42. Depreciation Tax Shield Noncash Expenses Here is a complete depreciation schedule for High Country. Depreciation Tax Reduced Tax Year Expense Rate Payment _ 1 $ 5,000 40% $ 2,000 2 10,000 40% 4,000 3 10,000 40% 4,000 4 10,000 40% 4,000 5 5,000 40% 2,000 40,000 16,000

  43. Net Present Value Analysis Calculation of the present value of proposal cash flows. INCREMENTAL ($) TodayYear 1Year 2Year 3Year 4Year 5 Acquisition cost $( 40,000) Cash flows from proposal $ 18,000 $ 36,000 $ 36,000 $ 36,000 $ 18,000 Depreciation shield 2,000 4,000 4,000 4,000 2,000 Total cash flow ( 40,000) 20,000 40,000 40,000 40,000 20,000 X Discount factor X 1.000 X .893 X .797X .712X .636X .567 Present value ( 40,000) 17,860 31,880 28,480 25,440 11,340 SUM = $ 75,000 The sum of the present values from this proposal is a positive $75,000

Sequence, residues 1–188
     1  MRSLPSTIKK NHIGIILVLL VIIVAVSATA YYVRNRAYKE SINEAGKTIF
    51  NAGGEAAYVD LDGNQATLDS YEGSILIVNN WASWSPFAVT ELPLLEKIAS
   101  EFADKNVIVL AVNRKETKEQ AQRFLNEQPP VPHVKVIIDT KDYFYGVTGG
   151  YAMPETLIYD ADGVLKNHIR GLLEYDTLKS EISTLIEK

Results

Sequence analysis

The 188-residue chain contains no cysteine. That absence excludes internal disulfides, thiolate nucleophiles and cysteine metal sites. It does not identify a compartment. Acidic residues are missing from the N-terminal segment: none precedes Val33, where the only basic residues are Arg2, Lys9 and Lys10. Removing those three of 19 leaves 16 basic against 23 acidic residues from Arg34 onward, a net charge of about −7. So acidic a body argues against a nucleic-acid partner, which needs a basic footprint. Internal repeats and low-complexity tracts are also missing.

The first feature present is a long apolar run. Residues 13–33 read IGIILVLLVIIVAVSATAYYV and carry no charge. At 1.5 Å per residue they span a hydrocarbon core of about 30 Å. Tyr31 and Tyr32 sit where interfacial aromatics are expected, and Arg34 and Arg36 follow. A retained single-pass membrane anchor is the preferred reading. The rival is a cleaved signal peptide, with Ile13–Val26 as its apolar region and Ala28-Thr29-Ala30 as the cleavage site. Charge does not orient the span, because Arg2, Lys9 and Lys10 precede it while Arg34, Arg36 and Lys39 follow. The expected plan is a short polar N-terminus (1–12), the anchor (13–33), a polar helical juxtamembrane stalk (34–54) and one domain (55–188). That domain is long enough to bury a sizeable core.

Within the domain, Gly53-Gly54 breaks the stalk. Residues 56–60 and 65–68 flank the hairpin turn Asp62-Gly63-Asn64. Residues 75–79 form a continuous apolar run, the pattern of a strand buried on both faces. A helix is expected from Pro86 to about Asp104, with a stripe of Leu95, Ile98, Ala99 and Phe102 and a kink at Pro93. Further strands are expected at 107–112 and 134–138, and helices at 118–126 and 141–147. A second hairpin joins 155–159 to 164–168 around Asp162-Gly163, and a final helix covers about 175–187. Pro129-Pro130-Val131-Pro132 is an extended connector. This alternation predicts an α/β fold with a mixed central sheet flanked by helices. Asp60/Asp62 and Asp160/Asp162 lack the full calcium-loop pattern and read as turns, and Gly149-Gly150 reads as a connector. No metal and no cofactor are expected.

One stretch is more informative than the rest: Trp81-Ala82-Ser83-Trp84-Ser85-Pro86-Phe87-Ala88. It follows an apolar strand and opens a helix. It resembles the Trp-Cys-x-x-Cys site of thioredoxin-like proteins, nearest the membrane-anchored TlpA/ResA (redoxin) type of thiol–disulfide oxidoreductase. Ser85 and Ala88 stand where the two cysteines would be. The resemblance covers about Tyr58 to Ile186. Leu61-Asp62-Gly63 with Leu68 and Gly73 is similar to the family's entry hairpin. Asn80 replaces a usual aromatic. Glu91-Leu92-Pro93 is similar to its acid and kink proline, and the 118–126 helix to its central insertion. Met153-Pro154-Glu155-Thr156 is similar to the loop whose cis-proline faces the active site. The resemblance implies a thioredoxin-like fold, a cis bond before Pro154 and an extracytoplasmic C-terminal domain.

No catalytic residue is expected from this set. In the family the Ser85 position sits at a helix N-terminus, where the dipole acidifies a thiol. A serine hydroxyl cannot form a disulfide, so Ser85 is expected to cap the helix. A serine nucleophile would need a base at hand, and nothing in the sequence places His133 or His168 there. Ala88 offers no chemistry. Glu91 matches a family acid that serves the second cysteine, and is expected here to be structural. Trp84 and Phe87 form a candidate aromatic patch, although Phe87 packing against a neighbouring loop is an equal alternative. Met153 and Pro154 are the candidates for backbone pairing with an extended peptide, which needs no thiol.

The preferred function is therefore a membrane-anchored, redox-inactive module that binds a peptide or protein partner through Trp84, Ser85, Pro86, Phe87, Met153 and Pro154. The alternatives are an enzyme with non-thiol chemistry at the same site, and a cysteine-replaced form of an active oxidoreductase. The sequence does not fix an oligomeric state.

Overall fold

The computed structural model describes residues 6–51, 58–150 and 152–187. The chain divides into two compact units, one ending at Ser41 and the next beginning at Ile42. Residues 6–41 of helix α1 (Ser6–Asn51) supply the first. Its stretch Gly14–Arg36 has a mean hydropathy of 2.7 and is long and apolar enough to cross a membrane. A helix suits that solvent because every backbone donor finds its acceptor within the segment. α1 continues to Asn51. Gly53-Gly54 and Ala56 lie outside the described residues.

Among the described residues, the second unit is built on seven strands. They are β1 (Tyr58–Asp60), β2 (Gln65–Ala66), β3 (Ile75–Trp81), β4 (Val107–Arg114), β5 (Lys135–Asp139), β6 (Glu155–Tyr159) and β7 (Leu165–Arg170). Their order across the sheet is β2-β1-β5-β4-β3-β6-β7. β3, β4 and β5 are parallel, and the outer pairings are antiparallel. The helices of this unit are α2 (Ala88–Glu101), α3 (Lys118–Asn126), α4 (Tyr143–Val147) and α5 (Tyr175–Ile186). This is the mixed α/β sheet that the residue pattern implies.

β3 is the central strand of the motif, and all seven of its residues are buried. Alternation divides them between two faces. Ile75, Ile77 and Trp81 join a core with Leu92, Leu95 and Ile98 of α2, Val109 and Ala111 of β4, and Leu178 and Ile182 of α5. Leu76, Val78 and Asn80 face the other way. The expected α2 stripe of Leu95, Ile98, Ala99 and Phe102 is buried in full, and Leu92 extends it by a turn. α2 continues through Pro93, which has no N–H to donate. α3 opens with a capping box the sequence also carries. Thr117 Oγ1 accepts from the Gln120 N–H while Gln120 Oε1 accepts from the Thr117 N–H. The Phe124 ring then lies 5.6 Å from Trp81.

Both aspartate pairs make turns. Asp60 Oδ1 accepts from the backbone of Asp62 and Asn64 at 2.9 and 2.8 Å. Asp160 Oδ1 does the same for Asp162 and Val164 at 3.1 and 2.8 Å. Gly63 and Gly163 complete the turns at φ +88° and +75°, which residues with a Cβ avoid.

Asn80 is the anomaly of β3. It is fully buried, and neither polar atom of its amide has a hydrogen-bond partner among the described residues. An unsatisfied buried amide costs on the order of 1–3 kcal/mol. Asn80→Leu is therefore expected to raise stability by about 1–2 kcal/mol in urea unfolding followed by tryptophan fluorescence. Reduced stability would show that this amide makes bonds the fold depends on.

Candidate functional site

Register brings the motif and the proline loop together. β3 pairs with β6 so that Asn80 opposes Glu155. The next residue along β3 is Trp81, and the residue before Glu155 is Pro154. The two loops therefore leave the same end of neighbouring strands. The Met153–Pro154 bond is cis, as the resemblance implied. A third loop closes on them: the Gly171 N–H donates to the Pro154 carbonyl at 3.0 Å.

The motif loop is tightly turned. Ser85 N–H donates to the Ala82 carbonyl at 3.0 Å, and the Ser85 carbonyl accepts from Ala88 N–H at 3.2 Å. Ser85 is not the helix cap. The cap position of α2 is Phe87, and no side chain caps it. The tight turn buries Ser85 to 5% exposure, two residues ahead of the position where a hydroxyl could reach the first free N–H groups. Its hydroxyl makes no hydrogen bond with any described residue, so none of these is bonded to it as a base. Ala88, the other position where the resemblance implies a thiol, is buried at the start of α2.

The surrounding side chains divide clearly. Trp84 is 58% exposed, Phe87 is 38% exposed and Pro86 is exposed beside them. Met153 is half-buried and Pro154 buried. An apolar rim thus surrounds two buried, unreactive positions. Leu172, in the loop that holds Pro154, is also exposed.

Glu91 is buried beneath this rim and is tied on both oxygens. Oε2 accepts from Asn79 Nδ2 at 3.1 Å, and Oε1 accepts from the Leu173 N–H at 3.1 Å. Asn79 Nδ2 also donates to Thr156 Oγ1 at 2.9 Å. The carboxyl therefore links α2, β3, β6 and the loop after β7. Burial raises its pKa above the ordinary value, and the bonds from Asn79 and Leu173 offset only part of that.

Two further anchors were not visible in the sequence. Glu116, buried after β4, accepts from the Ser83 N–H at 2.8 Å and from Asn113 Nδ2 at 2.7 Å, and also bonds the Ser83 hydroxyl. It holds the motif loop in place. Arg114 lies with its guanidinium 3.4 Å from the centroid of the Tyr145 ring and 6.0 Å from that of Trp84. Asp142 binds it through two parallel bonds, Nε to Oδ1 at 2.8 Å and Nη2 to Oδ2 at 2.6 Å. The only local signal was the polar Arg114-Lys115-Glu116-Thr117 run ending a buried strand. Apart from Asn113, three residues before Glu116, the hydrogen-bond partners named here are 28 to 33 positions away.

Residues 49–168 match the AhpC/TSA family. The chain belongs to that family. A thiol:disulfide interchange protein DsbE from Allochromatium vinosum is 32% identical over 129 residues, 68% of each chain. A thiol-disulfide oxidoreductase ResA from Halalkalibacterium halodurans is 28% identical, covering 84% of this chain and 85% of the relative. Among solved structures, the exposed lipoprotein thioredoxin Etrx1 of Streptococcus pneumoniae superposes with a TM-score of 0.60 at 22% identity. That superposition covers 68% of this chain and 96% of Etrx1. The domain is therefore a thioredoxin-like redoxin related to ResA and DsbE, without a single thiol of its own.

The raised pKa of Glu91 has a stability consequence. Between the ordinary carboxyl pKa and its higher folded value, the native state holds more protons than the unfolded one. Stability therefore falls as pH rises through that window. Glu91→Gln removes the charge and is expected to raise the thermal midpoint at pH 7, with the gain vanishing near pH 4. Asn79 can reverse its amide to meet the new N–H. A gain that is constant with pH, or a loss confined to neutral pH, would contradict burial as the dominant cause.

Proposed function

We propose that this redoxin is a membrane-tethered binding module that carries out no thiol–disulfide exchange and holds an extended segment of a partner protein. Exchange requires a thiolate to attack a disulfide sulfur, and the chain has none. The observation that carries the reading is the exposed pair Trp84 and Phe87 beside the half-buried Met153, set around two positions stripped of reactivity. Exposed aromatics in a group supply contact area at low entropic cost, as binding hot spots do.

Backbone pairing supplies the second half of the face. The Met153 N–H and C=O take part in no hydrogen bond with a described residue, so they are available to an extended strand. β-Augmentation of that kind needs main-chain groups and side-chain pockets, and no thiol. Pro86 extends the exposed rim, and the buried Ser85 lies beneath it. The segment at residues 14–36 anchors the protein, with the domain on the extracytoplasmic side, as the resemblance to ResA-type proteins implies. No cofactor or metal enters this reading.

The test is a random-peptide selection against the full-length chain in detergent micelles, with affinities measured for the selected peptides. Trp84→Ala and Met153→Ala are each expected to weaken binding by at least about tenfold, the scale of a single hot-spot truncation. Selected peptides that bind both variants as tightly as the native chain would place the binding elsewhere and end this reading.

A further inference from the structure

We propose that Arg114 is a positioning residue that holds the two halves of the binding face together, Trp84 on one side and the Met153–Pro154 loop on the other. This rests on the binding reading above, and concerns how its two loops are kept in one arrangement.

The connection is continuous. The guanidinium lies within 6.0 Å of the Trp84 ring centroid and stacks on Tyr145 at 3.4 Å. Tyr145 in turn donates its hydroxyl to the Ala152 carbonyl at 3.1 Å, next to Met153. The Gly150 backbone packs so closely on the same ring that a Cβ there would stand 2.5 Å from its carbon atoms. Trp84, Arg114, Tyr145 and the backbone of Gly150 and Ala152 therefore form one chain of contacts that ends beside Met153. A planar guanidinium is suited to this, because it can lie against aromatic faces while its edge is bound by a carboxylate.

44. Learning Objective5

  45. Modified Accelerated Cost Recovery System (MACRS) Tax depreciation is usually computed using MACRS. Here are the depreciation rate for 3, 5, and 7-year class life assets.

  46. Modified Accelerated Cost Recovery System (MACRS) A company is considering the purchase of a machine that will increase after-tax cash flows by $20,000 over the next five years. The machine is depreciated using MACRS and the company uses a 10% discount rate to compute all present values. The machine will cost $100,000 and the company is subject to a 28% tax rate.Let’s calculate the net present value of the proposal.

  47. $5,600 × (1.10)^-1 $20,000 × 28% $100,000 × 20% Modified Accelerated Cost Recovery System (MACRS) Calculation of the present value of the depreciation tax shield.

  48. $20,000 × (1.10)^-1 Modified Accelerated Cost Recovery System (MACRS) Calculation of the present value proposal cash flows.

  49. Modified Accelerated Cost Recovery System (MACRS) Net present value of the proposal. The present value of the proposal is less than the cost of the equipment ($100,000). The proposal has a negative net present value.

  50. Investment in Working Capital Some investment proposals require additional outlays for working capital such as increases in cash, accounts receivable, and inventory.